For the AAA batteries, contacts like the Keystone 5204 and Keystone 5226 are suitable. For example I have used this.

Electronic components

The list of the other electronic components required is reported below.

References Value Description Footprint Quantity
C1 22uF-Tantalum Tantalum capacitor 22 uF code TAJB226M016RNJ CAPPC3528X210N 1
C14 47uF Electrolytic capacitor 47 uF 5×5.4 mm CP_Elec_5x5.4 1
C13 100uF Electrolytic capacitor 100 uF 6.3 x 5.4 mm CP_Elec_6.3×5.4 1
C3 C4 C5 C6 C7 C10 C12 0.1uF Capacitor 0.1 uF – SMD package 0805 C_0805_2012Metric 7
C2 C9 10uF Capacitor 10 uF – SMD package 0805 C_0805_2012Metric 2
C8 100uF-Tantalum Tantalum capacitor 22 uF code TAJD107K016RNJ TAJD107K016RNJV 1
R1 R2 R4 10K Resistor 10 Kohm – SMD package 0805 R_0805_2012Metric 3
R8 R11 R12 R13 330 Resistor 330 Ohm – SMD package 0805 R_0805_2012Metric 4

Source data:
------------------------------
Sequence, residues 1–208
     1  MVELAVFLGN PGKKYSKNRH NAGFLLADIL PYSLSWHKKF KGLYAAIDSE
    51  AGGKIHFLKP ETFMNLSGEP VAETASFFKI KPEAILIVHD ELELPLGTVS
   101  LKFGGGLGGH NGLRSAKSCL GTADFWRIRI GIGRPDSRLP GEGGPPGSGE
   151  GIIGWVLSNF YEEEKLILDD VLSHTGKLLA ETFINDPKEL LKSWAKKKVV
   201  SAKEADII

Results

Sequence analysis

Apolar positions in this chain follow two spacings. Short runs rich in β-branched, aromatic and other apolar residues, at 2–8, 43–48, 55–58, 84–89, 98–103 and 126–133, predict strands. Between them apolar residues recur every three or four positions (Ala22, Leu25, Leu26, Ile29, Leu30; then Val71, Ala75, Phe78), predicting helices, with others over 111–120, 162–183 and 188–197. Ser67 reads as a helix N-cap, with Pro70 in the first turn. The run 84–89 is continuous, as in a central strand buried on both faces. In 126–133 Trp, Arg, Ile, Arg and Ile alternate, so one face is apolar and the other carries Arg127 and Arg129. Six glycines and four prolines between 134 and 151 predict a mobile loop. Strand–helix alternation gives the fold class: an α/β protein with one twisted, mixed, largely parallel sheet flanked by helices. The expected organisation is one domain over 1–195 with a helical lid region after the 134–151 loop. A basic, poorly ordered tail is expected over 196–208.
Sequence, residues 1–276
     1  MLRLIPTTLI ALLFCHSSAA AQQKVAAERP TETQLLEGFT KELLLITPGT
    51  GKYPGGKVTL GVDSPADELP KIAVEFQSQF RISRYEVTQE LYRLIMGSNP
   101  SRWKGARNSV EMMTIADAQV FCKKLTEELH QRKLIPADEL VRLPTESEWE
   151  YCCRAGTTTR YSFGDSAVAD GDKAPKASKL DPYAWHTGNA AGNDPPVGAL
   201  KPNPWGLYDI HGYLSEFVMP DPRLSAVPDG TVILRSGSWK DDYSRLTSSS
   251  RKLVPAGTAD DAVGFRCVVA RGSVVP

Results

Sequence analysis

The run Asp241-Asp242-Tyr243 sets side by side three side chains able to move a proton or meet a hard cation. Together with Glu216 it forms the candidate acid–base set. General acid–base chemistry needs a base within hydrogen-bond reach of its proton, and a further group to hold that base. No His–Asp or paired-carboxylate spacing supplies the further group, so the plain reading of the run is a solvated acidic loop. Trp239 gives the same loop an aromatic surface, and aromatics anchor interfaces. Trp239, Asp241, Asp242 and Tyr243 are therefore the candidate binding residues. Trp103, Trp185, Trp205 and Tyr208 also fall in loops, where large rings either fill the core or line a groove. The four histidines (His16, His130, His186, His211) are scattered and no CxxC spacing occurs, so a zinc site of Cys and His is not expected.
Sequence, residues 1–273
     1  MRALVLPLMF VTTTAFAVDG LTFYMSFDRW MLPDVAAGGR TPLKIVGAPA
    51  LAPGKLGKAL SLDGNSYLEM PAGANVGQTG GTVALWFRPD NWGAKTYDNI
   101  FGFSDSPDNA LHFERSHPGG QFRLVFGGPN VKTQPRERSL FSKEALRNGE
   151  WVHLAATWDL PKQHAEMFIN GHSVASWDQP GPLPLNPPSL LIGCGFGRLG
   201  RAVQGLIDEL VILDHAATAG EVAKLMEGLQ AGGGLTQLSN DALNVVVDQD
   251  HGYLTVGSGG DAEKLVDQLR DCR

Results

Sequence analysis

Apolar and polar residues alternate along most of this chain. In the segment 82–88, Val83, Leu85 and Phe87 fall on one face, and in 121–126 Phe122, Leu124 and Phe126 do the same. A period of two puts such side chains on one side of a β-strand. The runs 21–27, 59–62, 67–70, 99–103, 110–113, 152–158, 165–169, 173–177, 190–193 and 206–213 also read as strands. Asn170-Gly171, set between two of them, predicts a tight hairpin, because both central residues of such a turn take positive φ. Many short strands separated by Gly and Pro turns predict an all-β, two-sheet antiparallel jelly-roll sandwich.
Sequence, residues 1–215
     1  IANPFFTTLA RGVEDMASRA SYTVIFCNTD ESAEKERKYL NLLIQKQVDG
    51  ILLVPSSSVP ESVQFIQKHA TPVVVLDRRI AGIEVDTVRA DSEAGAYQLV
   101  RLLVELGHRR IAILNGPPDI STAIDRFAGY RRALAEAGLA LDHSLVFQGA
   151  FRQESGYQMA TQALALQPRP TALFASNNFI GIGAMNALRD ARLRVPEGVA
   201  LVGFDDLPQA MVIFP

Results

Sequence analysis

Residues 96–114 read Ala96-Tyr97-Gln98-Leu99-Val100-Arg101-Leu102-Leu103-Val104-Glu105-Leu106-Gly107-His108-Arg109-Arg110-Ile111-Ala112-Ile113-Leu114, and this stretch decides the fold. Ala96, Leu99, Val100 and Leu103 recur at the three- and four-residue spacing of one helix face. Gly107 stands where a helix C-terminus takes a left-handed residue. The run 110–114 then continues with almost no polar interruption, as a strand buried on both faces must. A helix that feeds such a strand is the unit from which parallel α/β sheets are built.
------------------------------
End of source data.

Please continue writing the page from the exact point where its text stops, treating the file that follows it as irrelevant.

R3 R5 20K Resistor 20 Kohm – SMD package 0805 R_0805_2012Metric 2
R7 56K Resistor 56 Kohm – SMD package 0805 R_0805_2012Metric 1
R10 120 Resistor 120 Ohm – SMD package 0805 R_0805_2012Metric 1
L1 22uH Inductor 22 uH 6.3 x 6.3 mm (SMNR6028-220MT) L_6.3×6.3_H3 1
D4 D5 Y-LED LED – Yellow – SMD package 0805 LED_0805_2012Metric 2
D2 R-LED LED – Red – SMD package 0805 LED_0805_2012Metric 1
D3 B-LED LED – Blue – SMD package 0805 LED_0805_2012Metric 1
D6 G-LED LED – Green – SMD package 0805 LED_0805_2012Metric 1
D1 SS14 Schottky diode – code SS14 – SMD package DO-214AC SS14 1
U1 AMS1117-3.3 Linear voltage regulator 3.3V code AMS1117-3.3 SOT-223-3_TabPin2 1
U5 ME2188C33 Boost converter code ME2188C33M5 – SMD package SOT-23-5 SOT-23-5 1
SW1 SW2 1437566-3 Tactile push button – SMD 3x6x2.5 mm SW_1437566-3 2
Q2 Q3 Q6 FDN337N N-Mosfet – Code FDN337N – SMD package SSOT-3 SSOT-3 3
Q1 FDN338P P.RATA()-Mosfet – Code FDN338P – SMD package SSOT-3 SSOT-3 1
J6 Vin 1 x 02 Male Pin header – Veritcal pitch 2.54 mm PinHeader_1x02_P2.54mm_Vertical 1
J3 ICSP 2 x 03 Male Pin header – Veritcal pitch 2.54 mm PinHeader_2x03_P2.54mm_Vertical 1
J2 FTDI 1 x 06 Female (or male) Pin header – Veritcal pitch 2.54 mm PinSocket_1x06_P2.54mm_Vertical 1
J1 USB_B_Micro Micro USB port SMD – LCSC code C10418 USB_Micro-B_Molex-105017-0001 1